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Crucial Fact

  • His favourite word was liberal.

Last in Parliament September 2008, as Conservative MP for Palliser (Saskatchewan)

Won his last election, in 2006, with 43% of the vote.

Statements in the House

Leader of the Opposition January 31st, 2008

Mr. Speaker, once again we are seeing weak leadership from the Leader of the Opposition who has failed to make passing our tackling violent act a priority.

Our government's Bill C-2 would better protect our children from sexual predators, protect society from dangerous offenders, get serious with drug impaired drivers and toughen sentencing and bail for gun crimes.

Bill C-2 was passed by this democratically elected House and has widespread support from Canadians and yet the Leader of the Opposition has failed to direct his Liberal senators to pass this legislation quickly.

Why is the Liberal leader so allergic to leadership? Why does he refuse to stand up for the safety of Canadians? The opposition leader is weak and could never be entrusted to lead our country. Furthermore, he has revealed the true agenda of the Liberals. They are just like members of the NDP. They talk tough when it is time for an election but Canadians know they are soft on crime.

Only one party continues to stand up for safe streets and communities and--

Budget and Economic Statement Implementation Act, 2007 December 10th, 2007

Mr. Speaker, I have a question for the member for Sackville—Eastern Shore. I listened carefully to his comments. The member likes to paint himself as a champion of veterans and their families. How does he square this with the actions of the NDP caucus last Thursday evening when those members stood in the House to vote against the supplementary estimates?

The NDP was the only party to oppose the supplementary estimates, estimates that contained additional funds for ex gratia payments for victims of agent orange, for the establishment of five clinics for operational stress injury, for the Office of the Veterans Ombudsman, for the restoration of World War I monuments and for the Vimy commemoration. I could go on. The NDP voted against $42.8 million for veterans and veterans services.

How does the member square that with his regular efforts to paint himself as a champion of veterans? When will he start to walk the walk? The member takes hypocrisy to staggering new heights.

How does he square the circle for the entire NDP as a party? NDP members talk and talk, but when it comes time to walking the walk and voting for the supplementary estimates and real money, significant money, $42.8 million for veterans, they do not walk the walk. They just talk the talk. I would love to hear his reaction to that.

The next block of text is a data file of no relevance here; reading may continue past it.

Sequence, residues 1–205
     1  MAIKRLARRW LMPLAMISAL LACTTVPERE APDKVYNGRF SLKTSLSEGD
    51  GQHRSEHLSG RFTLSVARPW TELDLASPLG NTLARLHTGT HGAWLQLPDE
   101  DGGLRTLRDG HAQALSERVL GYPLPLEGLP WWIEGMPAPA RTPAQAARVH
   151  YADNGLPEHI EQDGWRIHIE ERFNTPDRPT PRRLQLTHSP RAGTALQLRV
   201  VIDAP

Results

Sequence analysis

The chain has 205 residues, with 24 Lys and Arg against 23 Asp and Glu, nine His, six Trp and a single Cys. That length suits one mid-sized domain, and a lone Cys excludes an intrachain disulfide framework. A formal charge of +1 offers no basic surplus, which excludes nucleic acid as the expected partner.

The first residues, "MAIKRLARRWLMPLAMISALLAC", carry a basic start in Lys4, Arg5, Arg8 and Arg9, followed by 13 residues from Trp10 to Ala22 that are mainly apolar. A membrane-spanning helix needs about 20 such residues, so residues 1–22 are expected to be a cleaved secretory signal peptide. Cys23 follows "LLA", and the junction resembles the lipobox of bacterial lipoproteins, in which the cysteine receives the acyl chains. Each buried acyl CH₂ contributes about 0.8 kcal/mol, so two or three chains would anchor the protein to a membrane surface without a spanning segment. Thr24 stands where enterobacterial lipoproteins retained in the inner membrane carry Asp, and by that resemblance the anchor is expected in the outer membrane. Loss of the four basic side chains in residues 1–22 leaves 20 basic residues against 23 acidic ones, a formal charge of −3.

Old Age Security Act November 26th, 2007

Mr. Speaker, in case I do not have a chance to speak later on today, I want to take this opportunity to congratulate the Saskatchewan Roughrider organization and loyal Rider fans everywhere on being successful yesterday in winning the 95th Grey Cup. My wife and my family took to the streets. The Batters family certainly celebrated late into the evening and the Lesiuk family did the same. They joined throngs of people on Albert Street in Regina in celebrating a great win yesterday.

I am pleased to join the debate on Bill C-362 and address the proposals put forward in this bill to amend the Old Age Security Act. I appreciate the hon. member's intentions in proposing a reduction in the residence requirement from 10 years down to three to receive OAS. However, there are several reasons why this is not a sound course of action.

First, let us look at the issues of fairness and equality. Length of residence in Canada has been this program's central eligibility requirement since its inception in 1952. The purpose of the 10 year requirement then, as now, is meant to be a measure of partial income security in recognition of a person's attachment and contribution to Canadian society, our economy and our communities.

It is a perfectly reasonable expectation that people live in this country for a minimum period of time before being granted the right to a lifelong public benefit, since this public benefit is paid entirely from general tax revenue and does not require any direct contribution from its recipients.

The Old Age Security Act has withstood the test of time, even over the course of several Liberal governments. Why do the members opposite pretend to care so much about this issue now? In fact, the sponsor of the bill has even admitted that the previous Liberal government fought seniors groups in court until they ran out of money because the Liberal government believed so strongly in the current program.

The current Old Age Security Act does not discriminate between citizens and non-citizens as the sponsor would have us believe. It is based solely on length of residence and not, as some critics have suggested, on citizenship. In fact, the residence requirement makes no distinction between immigrants who have just arrived in Canada and other Canadians who are returning to Canada after being away. In both cases, applicants must meet the same 10 year requirement.